Finally, third, the rule requires practitioners who want nunc pro tunc suspension to take “necessary and appropriate steps” to remove attorney advertising, but he mistakenly had left his bio on the firm’s web page, and it stated that he was registered before the Office. The court stated that leaving this up indicated an unreasonable failure.


Voluntary CLE for Patent Attorneys and Patent Agents: What are the Issues?

By David Hricik, Mercer Law School

Curious for your comments on this.

The USPTO has promulgated a final rule. Originally, it was going to charge a fee every two years for practitioners to register, but it has backed off of that.  However, instead of having a fee and allowing a deduction for those who take 6 hours of CLE every two years — one hour of ethics, and 5 hours of CLE related to “patent law and practice” and one on “ethics” — it is going to create an on-line directory where practitioners who certify compliance with that CLE requirement will be listed by the Office.

The USPTO explained:

As noted in response to Comment 81 above, the USPTO has elected not to implement the proposed annual active patent practitioner fee at this time. In addition, under the Final Rule, completion of CLE remains voluntary. However, practitioners may be recognized in the online practitioner directory if they certify completion of six credit hours of CLE (five in patent law and practice; one in legal ethics) in the preceding 24 months

The rule implementing this final rule states in pertinent part:

(2) Biennially, registered practitioners and persons granted limited recognition may be required to file a registration statement with the OED director for the purpose of ascertaining whether such practitioner desires to remain in an active status. Any registered practitioner, or person granted limited recognition under § 11.9(b), failing to file the registration statement or give any information requested by the OED director within a time limit specified shall be subject to administrative suspension under paragraph (b) of this section.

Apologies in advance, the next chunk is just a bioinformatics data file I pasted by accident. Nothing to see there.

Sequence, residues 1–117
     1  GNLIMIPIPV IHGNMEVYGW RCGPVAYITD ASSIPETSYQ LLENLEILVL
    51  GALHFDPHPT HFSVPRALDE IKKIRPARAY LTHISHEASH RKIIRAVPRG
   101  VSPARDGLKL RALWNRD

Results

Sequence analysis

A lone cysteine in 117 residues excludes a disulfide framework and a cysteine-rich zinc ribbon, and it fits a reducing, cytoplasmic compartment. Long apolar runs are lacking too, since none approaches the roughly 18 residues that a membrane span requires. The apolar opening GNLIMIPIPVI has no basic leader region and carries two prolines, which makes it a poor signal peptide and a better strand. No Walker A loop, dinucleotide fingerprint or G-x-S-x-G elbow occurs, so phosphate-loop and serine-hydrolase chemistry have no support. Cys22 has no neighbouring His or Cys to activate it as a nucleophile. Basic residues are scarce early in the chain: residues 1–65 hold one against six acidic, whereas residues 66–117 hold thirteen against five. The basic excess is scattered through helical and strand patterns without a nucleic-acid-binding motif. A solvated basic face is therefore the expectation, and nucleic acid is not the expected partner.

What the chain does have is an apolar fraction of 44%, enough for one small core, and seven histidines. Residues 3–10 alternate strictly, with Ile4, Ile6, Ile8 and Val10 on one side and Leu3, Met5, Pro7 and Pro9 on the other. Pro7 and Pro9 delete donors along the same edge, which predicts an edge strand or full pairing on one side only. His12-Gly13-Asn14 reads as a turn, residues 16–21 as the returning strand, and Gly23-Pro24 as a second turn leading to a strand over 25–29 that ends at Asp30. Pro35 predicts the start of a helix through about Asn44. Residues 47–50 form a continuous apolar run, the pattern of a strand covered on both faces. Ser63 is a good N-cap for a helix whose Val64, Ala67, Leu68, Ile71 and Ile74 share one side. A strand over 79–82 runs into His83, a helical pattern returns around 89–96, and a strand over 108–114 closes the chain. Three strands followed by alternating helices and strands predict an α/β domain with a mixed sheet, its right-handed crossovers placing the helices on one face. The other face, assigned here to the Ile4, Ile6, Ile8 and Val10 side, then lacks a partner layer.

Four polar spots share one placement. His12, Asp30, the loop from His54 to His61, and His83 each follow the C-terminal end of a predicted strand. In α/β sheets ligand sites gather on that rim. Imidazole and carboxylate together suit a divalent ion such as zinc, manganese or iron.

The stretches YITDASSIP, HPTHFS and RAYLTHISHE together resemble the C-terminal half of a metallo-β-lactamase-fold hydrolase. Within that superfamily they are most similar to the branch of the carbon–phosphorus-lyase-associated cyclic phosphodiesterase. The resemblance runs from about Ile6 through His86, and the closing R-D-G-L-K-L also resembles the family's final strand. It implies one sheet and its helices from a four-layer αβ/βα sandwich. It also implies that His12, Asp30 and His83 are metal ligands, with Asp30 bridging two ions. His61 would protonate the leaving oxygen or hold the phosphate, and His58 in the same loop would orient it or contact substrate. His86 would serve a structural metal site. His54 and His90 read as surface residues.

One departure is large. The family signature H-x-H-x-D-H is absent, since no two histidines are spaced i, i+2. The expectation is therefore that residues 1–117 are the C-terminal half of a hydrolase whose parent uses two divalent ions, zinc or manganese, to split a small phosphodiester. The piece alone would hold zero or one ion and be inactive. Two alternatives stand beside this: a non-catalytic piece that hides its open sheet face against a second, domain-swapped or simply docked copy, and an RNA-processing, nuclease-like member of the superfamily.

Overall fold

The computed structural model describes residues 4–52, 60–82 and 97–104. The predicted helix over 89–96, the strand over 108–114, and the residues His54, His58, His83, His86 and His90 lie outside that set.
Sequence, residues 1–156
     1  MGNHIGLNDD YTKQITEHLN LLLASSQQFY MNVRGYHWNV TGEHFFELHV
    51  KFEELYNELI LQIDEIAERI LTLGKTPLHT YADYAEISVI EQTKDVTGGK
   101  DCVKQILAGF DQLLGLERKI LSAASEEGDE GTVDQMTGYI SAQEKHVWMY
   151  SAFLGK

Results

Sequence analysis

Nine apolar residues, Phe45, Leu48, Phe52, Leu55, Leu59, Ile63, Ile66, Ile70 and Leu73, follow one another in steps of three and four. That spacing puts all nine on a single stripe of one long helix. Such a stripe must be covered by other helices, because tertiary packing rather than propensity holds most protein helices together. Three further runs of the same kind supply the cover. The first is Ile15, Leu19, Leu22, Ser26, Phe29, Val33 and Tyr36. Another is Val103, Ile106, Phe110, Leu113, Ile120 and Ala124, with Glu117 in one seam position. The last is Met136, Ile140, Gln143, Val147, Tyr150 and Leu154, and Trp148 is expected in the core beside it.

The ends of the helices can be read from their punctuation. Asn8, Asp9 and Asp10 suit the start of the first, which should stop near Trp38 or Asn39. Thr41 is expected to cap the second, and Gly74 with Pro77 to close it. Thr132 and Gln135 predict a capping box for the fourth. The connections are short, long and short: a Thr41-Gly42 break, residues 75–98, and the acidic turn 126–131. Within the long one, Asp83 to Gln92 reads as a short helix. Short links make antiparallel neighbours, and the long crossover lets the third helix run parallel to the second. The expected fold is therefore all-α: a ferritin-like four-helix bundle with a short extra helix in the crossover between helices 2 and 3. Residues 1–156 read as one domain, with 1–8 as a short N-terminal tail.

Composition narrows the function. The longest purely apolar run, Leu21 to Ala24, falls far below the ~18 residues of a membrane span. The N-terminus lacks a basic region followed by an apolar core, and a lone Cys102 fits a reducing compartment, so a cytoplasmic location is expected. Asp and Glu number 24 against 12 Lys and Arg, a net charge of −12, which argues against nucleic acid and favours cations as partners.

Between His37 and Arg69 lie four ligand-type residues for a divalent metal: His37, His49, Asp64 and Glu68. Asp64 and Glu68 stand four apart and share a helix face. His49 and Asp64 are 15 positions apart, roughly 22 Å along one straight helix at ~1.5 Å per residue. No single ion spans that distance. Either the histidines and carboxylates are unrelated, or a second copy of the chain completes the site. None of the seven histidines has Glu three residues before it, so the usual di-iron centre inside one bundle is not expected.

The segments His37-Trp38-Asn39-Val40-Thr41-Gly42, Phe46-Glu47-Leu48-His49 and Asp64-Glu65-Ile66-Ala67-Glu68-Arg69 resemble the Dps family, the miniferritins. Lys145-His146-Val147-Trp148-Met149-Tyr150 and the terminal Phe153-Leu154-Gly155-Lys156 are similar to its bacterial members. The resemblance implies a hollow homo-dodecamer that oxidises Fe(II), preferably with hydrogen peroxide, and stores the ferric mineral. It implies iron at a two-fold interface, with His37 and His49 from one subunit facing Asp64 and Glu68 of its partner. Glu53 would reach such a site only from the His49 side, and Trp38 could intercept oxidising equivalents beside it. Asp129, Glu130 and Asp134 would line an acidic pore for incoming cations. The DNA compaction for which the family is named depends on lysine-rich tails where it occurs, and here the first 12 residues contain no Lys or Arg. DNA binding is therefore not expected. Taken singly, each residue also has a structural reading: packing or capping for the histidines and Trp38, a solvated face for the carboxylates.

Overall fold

(3)(i) A registered practitioner, or person granted limited recognition under § 11.9(b), who has completed, in the past 24 months, five hours of continuing legal education credits in patent law and practice and one hour of continuing legal education credit in ethics, may certify such completion to the OED director.

(ii) A registered practitioner, or person granted limited recognition under § 11.9(b), may earn up to two of the five hours of continuing legal education credit in patent law and practice by providing patent pro bono legal services through the USPTO Patent Pro Bono Program. One hour of continuing legal education credit in patent law and practice may be earned for every three hours of patent pro bono legal service.

The USPTO is to release “guidelines” to implement the rule in the near future “with a request for public comment on them.”  Those guidelines “will address the types of CLE courses that may qualify for recognition and the form of recognition for patent practitioners who certify that they have completed the CLE.”  (The Rule and comments to the proposed rule are here.). Some guidance is given, however: